Why You're NOT Getting Into Nursing School
Steve Berman | NursingLink
So you’ve decided to become a nurse, and it’s the best decision you’ve ever made. Your life now has purpose, and you can’t wait to have a job where you help people, handle new and challenging situations every day, and make a respectable living to boot. However, there’s a problem.
You can’t get into nursing school.
That’s the biggest stumbling block if you want to become a nurse, and it’s one that several people face. While the aging baby boomer population has led to an increased need for nurses, the struggling economy has led to an increased pool of applicants for schools to choose from. If you’ve found yourself on the outside looking in when it comes to nursing school, here are five possible reasons why and how to remedy each problem.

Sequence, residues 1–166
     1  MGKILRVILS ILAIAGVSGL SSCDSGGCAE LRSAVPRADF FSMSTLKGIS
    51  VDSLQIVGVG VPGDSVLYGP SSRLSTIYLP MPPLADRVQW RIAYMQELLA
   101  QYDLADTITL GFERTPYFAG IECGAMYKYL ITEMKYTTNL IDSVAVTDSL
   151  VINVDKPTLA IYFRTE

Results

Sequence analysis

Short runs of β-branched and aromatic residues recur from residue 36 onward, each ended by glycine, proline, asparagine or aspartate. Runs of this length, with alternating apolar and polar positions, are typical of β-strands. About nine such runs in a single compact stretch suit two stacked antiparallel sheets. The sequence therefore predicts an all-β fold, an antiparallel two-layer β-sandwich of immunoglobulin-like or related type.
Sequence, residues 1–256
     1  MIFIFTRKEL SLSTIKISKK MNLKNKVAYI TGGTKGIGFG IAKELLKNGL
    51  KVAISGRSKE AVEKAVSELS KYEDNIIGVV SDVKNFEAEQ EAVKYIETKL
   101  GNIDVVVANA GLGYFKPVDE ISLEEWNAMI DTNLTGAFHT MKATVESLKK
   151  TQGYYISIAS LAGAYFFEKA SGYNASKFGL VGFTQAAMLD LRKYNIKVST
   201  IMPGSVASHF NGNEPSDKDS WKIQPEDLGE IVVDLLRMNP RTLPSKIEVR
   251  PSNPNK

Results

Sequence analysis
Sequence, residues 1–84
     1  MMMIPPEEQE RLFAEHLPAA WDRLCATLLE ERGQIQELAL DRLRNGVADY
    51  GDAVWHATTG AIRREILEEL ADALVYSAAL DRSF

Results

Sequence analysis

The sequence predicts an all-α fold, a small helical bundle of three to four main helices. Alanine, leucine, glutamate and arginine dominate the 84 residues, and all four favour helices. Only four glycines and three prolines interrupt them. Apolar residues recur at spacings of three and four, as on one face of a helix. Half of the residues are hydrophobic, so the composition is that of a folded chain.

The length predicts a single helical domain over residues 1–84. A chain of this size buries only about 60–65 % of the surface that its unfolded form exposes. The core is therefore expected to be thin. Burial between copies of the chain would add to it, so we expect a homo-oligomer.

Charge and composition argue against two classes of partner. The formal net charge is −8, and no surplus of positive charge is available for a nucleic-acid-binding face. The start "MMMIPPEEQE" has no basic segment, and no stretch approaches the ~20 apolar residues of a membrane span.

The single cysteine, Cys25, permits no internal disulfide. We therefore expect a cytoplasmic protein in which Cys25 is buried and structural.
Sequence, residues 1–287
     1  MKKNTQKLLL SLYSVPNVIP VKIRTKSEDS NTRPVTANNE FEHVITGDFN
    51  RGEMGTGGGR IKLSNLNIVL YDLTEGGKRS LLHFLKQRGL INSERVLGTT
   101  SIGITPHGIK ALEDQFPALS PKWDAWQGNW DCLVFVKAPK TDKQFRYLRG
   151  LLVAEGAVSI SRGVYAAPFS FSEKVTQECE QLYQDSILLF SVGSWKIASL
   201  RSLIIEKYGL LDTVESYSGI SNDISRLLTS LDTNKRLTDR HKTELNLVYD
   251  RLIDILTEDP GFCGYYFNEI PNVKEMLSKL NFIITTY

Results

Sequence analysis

Problem No. 1: You haven’t completed the prerequisites
Nursing schools have a curriculum that assumes the students have a body of knowledge to draw from. If applicants haven’t completed courses in anatomy and physiology, chemistry, microbiology, nutrition, sociology and psychology, and some other subjects that may include statistics, public speaking, and English composition, there’s little to no way they’re going to be accepted.
Remedy: Speak with a counselor about which prerequisites you need and take them either at a local community college or online.